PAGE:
Doing it for the kids

We’ve discussed evidence in humans and animals that when moms and/or dads eat a high-calorie, high-fat diet, their offspring are more likely to be obese and/or prediabetic.

Now, Yahoo News reports on new work from the Oregon National Primate Research Center in Beaverton, Ore.  showing that:

When pregnant monkeys consume a high-fat diet modeled after the typical American meal plan, their offspring are more anxious and stressed compared with the offspring of moms that ate more healthfully during pregnancy, according to the research.

Regardless of whether the high-fat-diet moms became obese or stayed lean, their babies were more anxious, Grove said, suggesting that it’s diet, not obesity, that influences their offspring’s behavior. The problem seems to lie with serotonin, a neurotransmitter that contributes to feelings of well-being, the researchers found. The brains of fetuses and babies of high-fat diet moms showed disruptions in serotonin signaling.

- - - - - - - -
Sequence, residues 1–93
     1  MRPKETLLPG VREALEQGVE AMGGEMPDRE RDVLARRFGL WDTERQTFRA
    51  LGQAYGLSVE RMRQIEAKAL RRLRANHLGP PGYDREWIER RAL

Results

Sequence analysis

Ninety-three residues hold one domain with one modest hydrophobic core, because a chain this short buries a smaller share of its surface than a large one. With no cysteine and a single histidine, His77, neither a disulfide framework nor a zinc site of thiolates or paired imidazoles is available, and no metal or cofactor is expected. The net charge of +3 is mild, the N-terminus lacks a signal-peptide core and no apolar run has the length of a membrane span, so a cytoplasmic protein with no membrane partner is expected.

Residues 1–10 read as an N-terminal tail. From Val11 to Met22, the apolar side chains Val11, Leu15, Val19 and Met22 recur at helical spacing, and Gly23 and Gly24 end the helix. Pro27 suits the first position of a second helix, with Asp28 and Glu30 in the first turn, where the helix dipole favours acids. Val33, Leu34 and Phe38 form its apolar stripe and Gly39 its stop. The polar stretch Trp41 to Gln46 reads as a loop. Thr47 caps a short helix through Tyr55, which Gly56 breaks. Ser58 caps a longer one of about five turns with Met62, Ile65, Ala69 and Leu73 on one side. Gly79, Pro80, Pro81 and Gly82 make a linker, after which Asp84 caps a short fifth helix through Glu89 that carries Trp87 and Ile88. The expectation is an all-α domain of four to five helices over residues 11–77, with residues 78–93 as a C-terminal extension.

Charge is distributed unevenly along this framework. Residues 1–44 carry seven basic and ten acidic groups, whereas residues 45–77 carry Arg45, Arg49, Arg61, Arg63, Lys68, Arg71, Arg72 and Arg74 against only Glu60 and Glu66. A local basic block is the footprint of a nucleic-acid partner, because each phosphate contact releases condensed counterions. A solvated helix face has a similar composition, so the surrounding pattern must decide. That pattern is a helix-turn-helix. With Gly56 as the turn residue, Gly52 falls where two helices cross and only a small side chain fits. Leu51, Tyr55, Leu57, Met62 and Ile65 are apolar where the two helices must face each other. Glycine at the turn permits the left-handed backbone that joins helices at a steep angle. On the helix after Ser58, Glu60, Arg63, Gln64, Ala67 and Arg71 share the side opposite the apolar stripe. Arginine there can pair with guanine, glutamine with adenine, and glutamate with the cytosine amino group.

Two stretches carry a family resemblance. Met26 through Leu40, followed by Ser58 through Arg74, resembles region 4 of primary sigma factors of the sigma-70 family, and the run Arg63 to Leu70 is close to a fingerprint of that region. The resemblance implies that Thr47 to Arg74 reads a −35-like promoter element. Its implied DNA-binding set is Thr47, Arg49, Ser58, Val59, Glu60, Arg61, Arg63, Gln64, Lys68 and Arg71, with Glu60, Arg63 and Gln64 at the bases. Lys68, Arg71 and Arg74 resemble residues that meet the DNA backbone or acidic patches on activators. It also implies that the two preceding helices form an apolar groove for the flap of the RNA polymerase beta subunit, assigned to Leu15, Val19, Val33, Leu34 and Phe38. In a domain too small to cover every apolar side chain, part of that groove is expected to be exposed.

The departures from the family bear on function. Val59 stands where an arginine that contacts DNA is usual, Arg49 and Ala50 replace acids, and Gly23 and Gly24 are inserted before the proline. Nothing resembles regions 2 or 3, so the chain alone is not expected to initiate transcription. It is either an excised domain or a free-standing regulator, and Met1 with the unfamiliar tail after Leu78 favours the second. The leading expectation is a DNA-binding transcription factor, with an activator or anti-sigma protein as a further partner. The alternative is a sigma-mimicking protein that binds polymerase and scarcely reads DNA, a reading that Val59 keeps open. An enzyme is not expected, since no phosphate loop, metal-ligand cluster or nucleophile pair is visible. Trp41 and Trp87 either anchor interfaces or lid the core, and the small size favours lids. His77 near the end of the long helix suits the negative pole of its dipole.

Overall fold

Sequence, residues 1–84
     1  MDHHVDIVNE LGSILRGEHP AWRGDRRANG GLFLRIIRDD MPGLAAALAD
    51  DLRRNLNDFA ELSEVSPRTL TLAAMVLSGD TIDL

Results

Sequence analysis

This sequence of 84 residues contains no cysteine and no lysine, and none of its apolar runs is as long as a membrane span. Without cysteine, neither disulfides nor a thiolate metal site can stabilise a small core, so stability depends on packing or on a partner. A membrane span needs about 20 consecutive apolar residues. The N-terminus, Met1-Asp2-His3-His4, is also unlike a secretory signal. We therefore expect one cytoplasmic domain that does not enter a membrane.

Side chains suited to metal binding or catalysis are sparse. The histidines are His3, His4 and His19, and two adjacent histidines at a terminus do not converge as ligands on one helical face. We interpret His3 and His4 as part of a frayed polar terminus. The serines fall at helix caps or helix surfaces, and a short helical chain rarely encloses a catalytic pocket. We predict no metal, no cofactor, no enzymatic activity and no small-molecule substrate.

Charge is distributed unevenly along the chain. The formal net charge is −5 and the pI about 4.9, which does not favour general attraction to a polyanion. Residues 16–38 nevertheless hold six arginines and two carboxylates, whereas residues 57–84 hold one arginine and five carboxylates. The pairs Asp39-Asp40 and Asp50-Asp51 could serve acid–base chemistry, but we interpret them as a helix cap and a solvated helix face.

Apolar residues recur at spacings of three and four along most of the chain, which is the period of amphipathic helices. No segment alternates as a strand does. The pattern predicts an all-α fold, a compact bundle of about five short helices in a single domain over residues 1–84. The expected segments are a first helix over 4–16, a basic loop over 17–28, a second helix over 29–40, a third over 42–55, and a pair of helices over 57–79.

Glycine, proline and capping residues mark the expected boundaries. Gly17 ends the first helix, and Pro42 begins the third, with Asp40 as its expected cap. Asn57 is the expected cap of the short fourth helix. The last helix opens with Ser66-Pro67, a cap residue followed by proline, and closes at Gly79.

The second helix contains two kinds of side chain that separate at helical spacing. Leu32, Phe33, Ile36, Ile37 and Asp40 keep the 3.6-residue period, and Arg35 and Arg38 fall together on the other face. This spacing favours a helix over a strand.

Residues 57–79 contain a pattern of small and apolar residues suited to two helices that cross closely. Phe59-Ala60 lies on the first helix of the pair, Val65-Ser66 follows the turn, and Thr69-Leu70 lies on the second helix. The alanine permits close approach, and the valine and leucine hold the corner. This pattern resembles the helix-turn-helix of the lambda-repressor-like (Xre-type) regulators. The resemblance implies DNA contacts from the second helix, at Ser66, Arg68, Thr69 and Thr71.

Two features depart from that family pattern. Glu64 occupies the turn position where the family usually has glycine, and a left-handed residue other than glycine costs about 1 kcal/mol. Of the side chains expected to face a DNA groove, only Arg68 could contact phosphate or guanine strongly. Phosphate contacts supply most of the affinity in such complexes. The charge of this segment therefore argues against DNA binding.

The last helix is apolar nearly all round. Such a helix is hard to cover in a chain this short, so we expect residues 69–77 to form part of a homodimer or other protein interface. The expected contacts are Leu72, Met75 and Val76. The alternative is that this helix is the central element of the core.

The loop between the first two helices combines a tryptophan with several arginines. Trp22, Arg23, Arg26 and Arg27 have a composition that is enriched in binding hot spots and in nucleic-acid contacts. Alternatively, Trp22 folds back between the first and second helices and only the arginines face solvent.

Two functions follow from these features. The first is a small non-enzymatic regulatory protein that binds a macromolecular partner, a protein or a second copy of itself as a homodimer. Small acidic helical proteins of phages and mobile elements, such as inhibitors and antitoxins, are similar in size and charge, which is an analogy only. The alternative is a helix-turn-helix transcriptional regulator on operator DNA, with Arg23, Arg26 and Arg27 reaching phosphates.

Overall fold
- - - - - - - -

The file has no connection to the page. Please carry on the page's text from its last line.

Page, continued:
What may be happening, Grove said, is that a high-fat diet inflammes the placenta, which in turn exposes the developing fetus to inflammatory proteins called cytokines. Cytokines are known to disrupt the development of the serotonin system.

The serotonin system is targeted by antidepressant drugs like Paxil and Prozac.

The researchers note that:

Childhood obesity is not only associated with increased risk of metabolic diseases, but also with a range of behavioral/psychological disorders, including depression (Rofey et al., 2009), anxiety (Rofey et al., 2009), poor learning (Cserjesi et al., 2007), and attention deficient disorder (Waring and Lapane, 2008).

Overall, the majority of HFD [high fat diet] offspring (78%) displayed some sort of aberrant behavior (anxious and/or aggressive) during the test, whereas only 11% of CTR [control diet] offspring displayed such behavior.

Click here for WebMD recommendations for weight gain during pregnancy.

Dr John Ellis MD

Board-certified anesthesiologist, with expertise in cardiovascular anesthesia and the implications of obesity and sleep apnea in anesthesia. See vascularanesthesia.com for professional information. Dr. Ellis has used the strategies in here to: (1) lose 120 lbs over 18 months, (2) stop all antihypertensive medicines, and (3) no longer need CPAP treatment for sleep apnea.

Comments are closed